Tue | Aug 14, 2018

An engineering revolution - CAP students take advantage of education ministry, City and Guilds collaboration

Published:Monday | February 5, 2018 | 12:00 AM
John Ellis (left) looks on as Marva Duncanson, City and Guilds country representative, engages Theodore Bennett on his hopes for after his internship.
John Ellis, final-year student at the Institute of International Recognized Qualifications, welding metal at the welding lab.
Theodore Bennett carrying out a quick fix of an electrical outlet at the Institute of International Recognized Qualifications.
1
2
3

As the economy grows, the demand for physical infrastructure increases and so does the need for engineers who can provide technological solutions for a stable and sustainable environment.

The engineering profession is among the top 50 highest-paying jobs for graduates at the tertiary level in the world, but currently, there are only three chartered engineers in Jamaica. That is about to change, thanks to City and Guilds of London Institute, which is providing the solution for professional and world-class certification and recognition.

The Ministry of Education and City & Guilds have collaborated to offer the Engineering #2850-90 qualification at Level 3 to sixth-form students. This initiative is a pilot project comprising 200 sixth-form students from Ardenne High School, St George's College, York Castle High School, Jamaica College, Mona High School, Brown's Town Community College, The School of Advanced Studies - Caribbean Maritime University, and the Institute of International Recognized Qualifications (IIRQ).

The project was launched last summer and rolled out by the education ministry through the Career Advancement Programme (CAP) in September 2017.

The programme facilitates dual certification from City & Guilds and the Caribbean Examinations Council. The students are pursuing CAPE's Associate Degree in Technology alongside City & Guilds Level 3 Engineering #2850.

With more than 1,000 engineers needed to meet the development needs of the nation, this initiative is expected to empower young Jamaicans with employment options, whether regionally or internationally.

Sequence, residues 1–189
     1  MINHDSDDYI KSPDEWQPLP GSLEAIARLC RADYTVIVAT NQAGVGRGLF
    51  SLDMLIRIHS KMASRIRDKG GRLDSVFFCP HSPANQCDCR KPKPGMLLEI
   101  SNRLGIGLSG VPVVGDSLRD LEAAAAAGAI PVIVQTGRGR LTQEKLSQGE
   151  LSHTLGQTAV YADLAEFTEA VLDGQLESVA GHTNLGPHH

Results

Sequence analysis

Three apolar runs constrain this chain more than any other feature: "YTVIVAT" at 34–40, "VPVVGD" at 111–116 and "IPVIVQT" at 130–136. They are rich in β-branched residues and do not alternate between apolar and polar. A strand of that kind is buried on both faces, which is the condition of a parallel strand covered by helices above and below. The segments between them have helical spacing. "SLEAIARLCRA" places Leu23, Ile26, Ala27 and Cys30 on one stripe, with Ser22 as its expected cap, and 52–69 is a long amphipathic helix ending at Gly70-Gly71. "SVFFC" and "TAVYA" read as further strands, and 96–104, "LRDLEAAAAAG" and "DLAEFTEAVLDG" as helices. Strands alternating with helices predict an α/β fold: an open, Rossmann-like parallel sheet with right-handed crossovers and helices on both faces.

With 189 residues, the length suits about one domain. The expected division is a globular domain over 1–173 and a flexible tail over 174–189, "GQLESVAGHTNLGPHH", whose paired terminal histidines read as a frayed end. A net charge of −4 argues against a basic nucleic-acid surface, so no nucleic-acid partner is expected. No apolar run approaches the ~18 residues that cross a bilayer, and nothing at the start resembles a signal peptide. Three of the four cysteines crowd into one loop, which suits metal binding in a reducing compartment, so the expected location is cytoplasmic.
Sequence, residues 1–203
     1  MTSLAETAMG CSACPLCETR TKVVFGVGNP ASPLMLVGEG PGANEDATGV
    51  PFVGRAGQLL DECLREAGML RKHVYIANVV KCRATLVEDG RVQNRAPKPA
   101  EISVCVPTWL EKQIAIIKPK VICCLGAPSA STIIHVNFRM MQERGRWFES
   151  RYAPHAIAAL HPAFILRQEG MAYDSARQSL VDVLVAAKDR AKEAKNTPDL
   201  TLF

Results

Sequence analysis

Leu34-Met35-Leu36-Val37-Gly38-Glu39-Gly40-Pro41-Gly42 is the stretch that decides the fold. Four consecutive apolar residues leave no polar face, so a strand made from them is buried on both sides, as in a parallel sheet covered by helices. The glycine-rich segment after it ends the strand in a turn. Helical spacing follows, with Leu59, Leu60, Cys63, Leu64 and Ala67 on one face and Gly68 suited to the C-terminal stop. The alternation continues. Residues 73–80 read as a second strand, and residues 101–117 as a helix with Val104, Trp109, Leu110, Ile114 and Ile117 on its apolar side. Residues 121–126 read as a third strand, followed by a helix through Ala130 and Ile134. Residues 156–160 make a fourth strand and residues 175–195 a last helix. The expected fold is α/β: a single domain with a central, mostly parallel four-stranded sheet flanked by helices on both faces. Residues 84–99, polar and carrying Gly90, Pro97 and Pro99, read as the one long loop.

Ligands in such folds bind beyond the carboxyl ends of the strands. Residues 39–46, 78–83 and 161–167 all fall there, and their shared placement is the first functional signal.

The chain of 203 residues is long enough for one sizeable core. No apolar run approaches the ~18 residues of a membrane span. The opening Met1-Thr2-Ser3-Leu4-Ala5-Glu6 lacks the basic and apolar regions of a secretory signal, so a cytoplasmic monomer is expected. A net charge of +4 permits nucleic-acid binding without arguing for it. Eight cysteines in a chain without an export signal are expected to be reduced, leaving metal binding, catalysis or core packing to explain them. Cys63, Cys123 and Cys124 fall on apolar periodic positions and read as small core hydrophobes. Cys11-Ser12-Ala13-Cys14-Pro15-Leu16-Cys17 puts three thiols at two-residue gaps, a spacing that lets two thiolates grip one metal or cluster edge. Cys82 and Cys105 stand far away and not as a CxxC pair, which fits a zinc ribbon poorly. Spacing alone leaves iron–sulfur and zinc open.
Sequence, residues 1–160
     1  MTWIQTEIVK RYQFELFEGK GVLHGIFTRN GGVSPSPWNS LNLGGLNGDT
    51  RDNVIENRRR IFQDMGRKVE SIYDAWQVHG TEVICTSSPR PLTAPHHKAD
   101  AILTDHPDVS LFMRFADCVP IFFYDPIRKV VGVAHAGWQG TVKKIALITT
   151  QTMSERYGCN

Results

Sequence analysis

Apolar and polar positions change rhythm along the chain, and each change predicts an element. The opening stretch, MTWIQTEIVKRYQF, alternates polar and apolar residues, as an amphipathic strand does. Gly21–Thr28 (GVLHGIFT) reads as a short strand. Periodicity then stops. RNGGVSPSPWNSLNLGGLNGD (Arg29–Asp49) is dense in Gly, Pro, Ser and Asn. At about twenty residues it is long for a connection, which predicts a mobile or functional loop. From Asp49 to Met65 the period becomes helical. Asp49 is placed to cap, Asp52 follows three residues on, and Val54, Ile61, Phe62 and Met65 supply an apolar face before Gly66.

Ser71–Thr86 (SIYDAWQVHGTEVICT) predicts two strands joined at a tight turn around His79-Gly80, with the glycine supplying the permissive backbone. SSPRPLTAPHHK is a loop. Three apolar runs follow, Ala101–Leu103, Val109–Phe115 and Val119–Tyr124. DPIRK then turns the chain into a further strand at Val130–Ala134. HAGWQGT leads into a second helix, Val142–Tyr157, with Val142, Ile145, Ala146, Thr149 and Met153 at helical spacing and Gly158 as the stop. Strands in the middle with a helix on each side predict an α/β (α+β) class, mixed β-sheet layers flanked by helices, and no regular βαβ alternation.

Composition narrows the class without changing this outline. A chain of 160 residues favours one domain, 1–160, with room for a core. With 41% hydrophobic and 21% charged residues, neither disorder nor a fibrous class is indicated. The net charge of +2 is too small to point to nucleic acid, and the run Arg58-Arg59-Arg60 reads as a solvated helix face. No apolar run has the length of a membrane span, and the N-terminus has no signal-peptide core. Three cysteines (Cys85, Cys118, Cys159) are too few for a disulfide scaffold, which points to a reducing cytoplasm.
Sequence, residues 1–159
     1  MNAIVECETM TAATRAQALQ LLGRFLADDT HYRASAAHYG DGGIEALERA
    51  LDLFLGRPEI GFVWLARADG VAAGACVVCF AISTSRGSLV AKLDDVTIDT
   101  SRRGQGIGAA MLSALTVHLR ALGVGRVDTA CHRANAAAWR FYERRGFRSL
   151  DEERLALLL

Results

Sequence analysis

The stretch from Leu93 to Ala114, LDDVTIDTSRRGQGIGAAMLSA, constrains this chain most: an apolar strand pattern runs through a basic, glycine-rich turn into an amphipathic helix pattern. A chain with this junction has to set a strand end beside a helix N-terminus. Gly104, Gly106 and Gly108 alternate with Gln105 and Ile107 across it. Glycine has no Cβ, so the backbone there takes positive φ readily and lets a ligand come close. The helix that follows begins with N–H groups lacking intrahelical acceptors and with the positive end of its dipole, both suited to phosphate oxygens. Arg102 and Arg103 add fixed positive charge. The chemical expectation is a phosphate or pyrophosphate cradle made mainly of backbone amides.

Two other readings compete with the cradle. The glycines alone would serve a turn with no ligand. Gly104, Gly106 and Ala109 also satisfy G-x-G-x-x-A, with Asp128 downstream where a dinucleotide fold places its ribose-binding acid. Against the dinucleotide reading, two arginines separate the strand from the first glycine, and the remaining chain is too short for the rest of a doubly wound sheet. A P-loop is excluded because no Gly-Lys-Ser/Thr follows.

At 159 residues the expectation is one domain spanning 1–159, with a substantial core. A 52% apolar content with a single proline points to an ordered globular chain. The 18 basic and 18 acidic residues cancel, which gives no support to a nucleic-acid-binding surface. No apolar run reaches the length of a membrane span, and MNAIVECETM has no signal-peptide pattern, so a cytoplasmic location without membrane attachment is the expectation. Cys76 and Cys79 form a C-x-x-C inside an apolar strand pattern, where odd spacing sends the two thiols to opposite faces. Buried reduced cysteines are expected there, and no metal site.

Engineering students excited about future

Two Career Advancement Programme (CAP) students are already poised to become professionally qualified as engineering technicians (EngTech).

They will complete their two-year internship programme in July 2018 at the Institute of International Recognized Qualifications (IIRQ) where they are currently engaged. The students are poised to become the first two CAP Engineering students to achieve the EngTech designation. They are John Ellis and Theodore Bennett.

Ellis is 20 years old and completing his internship at IIRQ.

"When I graduated from Ardenne High, I wanted to go straight to the University of Technology (UTech) to do a BSc in civil engineering, but Professor Oliver encouraged me to enroll in CAP and do City & Guilds Welding Engineering at IIRQ," he said.

Ellis is excited about his prospects.

"This is the best thing that could happen to me! I have both the theory and practical."

He plans to work in Europe as a rig welder and wants to pursue further studies to become certified as an underwater welder.

Bennett is 22 years old and has big plans for his future.

"In another five years, I see myself working in a major electronics company building electronic devices. I will have both the knowledge and the practical experience," he said.

Bennett graduated from Meadowbrook High School, where he gained 16 Caribbean Secondary Education Certificate subjects, but his financial circumstances did not allow him to immediately matriculate to university.

"When I left school, I really wanted to do engineering at UTech, but the tuition cost was too expensive. Someone told me about IIRQ and the City and Guilds Engineering programme, so I applied to the Career Advancement Programme. The rest is history".

Bennett was recently awarded a scholarship by the education ministry to pursue an associate degree in renewable energy and technology at Exed Community College. He was chosen because of his outstanding results in the City & Guilds Engineering examination at Level 3.

"For me, this is a win-win situation because I'll now be able to enroll in the degree programme at UTech with a two-year exemption after completing the associate degree along with my City & Guilds in Engineering."

City & Guilds is the world's largest provider of vocational qualifications with headquarters in London and a presence in 100 countries. This year, City & Guilds is celebrating 140 years since its inception. At least two generations of Jamaica have pursued City & Guilds qualifications since the early days of the College of Arts Science & Technology before the formation of the UTech.

 

What engineering qualifications can do for you

 

• The Institute of Engineering (UK) recognises three professional levels, these are: Chartered Engineer (C.Eng.); Incorporated Engineer (IEng) and Engineering Technician (EngTech). These professional designations allow suitably qualified persons to cross borders and work under the Sidney, Dublin and Washington Accords.

• Students in the pilot collaboration between the Ministry of Education and City & Guilds, if successful, will be able to achieve the status of Engineering Technician and use post nominal letters (EngTech) after completing two years of work experience. Under the Dublin Accord, the students will be able to work in Europe, UK, the United States, Canada and the Middle East. The Dublin Accord offers cross-border reciprocity to persons with this qualification in Engineering.